McCartney filed a lawsuit in January in a US court to secure rights from Sony ATV music publishing following a British judicial ruling that shook up the industry.
Michael Jacobs, a lawyer for McCartney, informed a judge that the two sides “have resolved this matter by entering into a confidential settlement agreement”.
Jacobs asked Edgardo Ramos, a federal judge in New York, to dismiss the lawsuit. Representatives declined further comment.
The case revolves around the US Copyright Act of 1976 which aimed to strengthen the hand of songwriters – whose relationship with music publishers, who hold rights and distribute royalties, has been notoriously rocky. Under the act, songwriters could reclaim copyright from music publishers 35 years after they gave them away – or 56 years for songs from before 1978.
While US law is often seen as the gold standard in the entertainment industry, a British court took a different approach in December. It refused to grant rights to 1980s pop sensations Duran Duran – known for hits such as Rio and the James Bond theme A View to a Kill – on the grounds that US law did not apply in Britain.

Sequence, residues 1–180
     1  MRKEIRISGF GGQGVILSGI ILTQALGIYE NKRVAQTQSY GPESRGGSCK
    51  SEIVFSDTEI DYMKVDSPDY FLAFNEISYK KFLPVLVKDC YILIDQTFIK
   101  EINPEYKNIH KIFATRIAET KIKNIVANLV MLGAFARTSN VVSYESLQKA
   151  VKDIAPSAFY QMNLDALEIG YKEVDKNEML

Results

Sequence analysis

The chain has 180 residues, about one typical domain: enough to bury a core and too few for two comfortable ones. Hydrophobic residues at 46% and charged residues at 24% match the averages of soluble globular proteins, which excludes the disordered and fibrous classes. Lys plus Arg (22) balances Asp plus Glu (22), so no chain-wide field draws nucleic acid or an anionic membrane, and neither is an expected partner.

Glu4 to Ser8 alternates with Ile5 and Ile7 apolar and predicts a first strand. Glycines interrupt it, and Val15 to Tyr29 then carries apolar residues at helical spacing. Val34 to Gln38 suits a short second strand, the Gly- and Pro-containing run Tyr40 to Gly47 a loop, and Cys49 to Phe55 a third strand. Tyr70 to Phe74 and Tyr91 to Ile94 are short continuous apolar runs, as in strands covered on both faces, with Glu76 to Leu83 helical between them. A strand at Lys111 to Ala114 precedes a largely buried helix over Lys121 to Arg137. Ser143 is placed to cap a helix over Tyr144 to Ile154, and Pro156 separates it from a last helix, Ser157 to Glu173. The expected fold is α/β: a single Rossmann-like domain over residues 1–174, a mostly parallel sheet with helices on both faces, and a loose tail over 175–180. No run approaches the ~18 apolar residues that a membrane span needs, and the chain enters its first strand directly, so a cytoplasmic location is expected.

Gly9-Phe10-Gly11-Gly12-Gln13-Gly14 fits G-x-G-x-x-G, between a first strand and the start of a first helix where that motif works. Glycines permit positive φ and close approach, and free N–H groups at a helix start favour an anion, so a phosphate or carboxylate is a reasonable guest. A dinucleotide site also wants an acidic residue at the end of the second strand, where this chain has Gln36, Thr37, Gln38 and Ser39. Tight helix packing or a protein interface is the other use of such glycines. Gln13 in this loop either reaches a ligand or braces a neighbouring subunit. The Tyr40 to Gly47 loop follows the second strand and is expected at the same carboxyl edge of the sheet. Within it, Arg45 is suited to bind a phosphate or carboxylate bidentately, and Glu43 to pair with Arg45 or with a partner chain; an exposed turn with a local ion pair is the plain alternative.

In his lawsuit, McCartney’s lawyer said a Sony ATV executive approached him at a concert as the Duran Duran case went forward and warned the publisher would fight harder for the Beatles catalogue.
McCartney had vowed in the lawsuit to secure control of the catalogue – an issue of growing urgency as the first Beatles single, Love Me Do, came out in 1962, meeting the 56-year timeframe under the US act in 2018.
Sony ATV has rights to millions of songs including by other top names in music history such as Michael Jackson, Marvin Gaye and Bob Dylan.
The company was initially a joint venture between Jackson and Japan’s Sony Corp, which bought out Jackson’s 50% stake from his estate last year for $750 million. Ironically, Jackson bought rights to Beatles songs after a leisurely chat with McCartney on the importance of music publishing – a sore point later for the ex-Beatle.